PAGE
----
I'd already done the Bloomsday Run a half-dozen times or so -- that's 7.46 miles . . . so when my eldest daughter suggested I try a half-marathon,

I agreed.
  • It was only 13.1 miles, after all.
  • That's less than twice the distance of the Bloomsday Runs I'd already done.
  • And just as everyone is brave (until they're in battle), everyone is smart (until they take Geometry), and everyone is good-looking (until they have a photo taken for their driver's license), I though I was fit enough to finish a half-marathon . . .
And I was.

Barely.

But as James notes, trials (and half-marathons) are a reality-check; they are a quick way to strip away any illusions we had about ourselves -- and as such, they have a nasty way of reminding us just how much we lack, just how much we need, and just how far we still have to go.

In short, they remind us that we still need a Savior.

And that's not always an easy thing to do.


Sunday, September 28, 2014

This week's lesson (September 27 - October 3): James, the Lord's Brother

Call him "Stretch."

All through his life, you see, James got pushed outside his comfort zone.
  • As a devout Jew, he found it difficult to believe Jesus was the Messiah (cf. Mark 3:32-35).
  • Having accepted Jesus as the Messiah, it would seem that he and his followers found it difficult to believe Gentiles could do the same (cf. Galatians 2:12).
  • And even after James brokered the compromise that let Gentile be Christians (cf. Acts 15:13-29), he still felt pressure from Jewish Christians -- Jewish Christians who followed the Law, and thought Paul should do so too (cf. Acts 21:17-25).
As a leader, in other words, James faced pressure from both sides: Jewish and Gentile, conservative and liberal . . . 
And as a leader, James did his best to bring together both sides. 
Compare the Epistle of James with his speech to the Council in Jerusalem, for instance. Both take place at roughly the same time -- and in both, James emphasizes the need for love and unity in the church.
Not an easy task, then or now.
But then as now, we need people who are willing to make the effort.
Even if it's a stretch. 

Sunday, September 21, 2014

This week's lesson (September 20-26): The second coming of Jesus

Someday, I'm going to clean out that closet.

And you know the closet I'm talking about -- everybody has one. It's the closet where you put all the stuff that doesn't really belong anyplace else . . .

The hockey sticks and the umbrella stroller.

The mousetraps and the extension cords.

Your mother's wedding dress, and that giant tub of laundry-detergent you bought at Costco.

Yes, it's all been jammed in there (along with an ever-multiplying number of coat-hangers) -- and someday, you will open the door to that closet, find out what's in there, toss what need's to be tossed, and find a proper home for the rest.

Someday.

But not today.

No, it's easier to keep the door shut -- to keep it shut, and get on with the rest of your life.

In much the same way, I suppose it would be easy enough for God to treat this world like that closet. Yes, He could shut the door. Lock it. Hang a large "Keep Out" sign on it. And let the rest of Creation get on with its life.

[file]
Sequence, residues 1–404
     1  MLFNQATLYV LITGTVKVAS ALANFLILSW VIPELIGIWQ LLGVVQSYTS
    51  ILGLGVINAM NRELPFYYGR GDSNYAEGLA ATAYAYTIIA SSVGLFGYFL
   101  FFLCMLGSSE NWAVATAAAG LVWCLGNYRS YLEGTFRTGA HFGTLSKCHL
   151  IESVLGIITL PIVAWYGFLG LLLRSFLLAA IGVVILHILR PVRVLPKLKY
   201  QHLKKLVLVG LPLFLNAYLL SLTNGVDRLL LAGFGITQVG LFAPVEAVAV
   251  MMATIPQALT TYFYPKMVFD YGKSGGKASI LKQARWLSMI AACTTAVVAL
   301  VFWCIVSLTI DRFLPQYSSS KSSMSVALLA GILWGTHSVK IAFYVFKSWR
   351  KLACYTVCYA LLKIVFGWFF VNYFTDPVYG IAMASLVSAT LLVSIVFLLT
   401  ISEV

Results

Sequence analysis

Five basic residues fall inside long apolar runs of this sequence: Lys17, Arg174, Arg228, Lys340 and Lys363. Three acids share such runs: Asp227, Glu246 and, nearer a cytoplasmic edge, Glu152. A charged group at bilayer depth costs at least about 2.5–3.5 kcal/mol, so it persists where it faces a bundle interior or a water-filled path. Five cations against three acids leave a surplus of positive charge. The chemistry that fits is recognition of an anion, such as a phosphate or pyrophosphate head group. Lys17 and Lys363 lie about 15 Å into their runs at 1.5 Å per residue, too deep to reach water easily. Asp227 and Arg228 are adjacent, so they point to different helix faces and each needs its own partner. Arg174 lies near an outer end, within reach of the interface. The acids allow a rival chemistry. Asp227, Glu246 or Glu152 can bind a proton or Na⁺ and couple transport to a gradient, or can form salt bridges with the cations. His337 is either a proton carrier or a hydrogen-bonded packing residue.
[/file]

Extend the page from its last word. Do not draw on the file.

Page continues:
But God is not content until every closet door has been opened. Every captive has been freed. And everything that is good and holy and "right" has been put in its proper place.

And if God will do all that at the Second Coming . . .

Then what should we be doing today?

Monday, September 01, 2014

This week's lesson (September 13-19): death and resurrection

The life I now live in the body, I live by faith in the Son of God, who loved me and gave himself for me -- Galatians 2,:20, NIV.
Life?

Or death?

That was the choice given Janusz Korczak (pronounced "YA-nish KOR-chok").  A famous pediatrician and children's author, he was also the director of a Jewish orphanage in Warsaw.

When the Nazis invaded Poland, both he and the children in his orphanage were moved to the Warsaw ghetto.

But when the children were moved to the extermination camp at Treblinka, then Korczak didn't need to go. No, the Resistance gave him a chance to escape -- in fact, it repeatedly gave him the chance to live . . .  

But it couldn't do the same for all the children -- no, some would need to be left behind.

So what would you do -- would you choose life for yourself . . . or would you share the fate of those you love?

Jesus gave his answer at Gethsemane.

And Korczak gave his answer on August 5, 1942 -- for when the soldiers came, and the children were marched to the train station . . . 

Janusz Korczak marched with them.

This week's lesson (September 6-12): the Sabbath

On Sabbath, we dress up.

And no, I'm not talking about the fact that I wear a tie at church.

But just like any good costume party, the Sabbath is a day we pretend to be something else -- or rather, the day we pretend to be somewhere else.
  • Not the Old West of cowboys and cavalry officers.
  • Not the Merry Old England of knights in shining armor.
  • Not even New Jersey with its . . . okay, definitely not New Jersey.
Instead, we spend the day acting as though we are in Heaven -- as though we lived in a place where we are all God's children. That's why:
  • On Sabbath, we pretend everyone is welcome.
  • On Sabbath, we pretend that everyone is important.
  • On Sabbath, we pretend all the things that divide us -- all the differences of race, income, education, and age -- don't matter.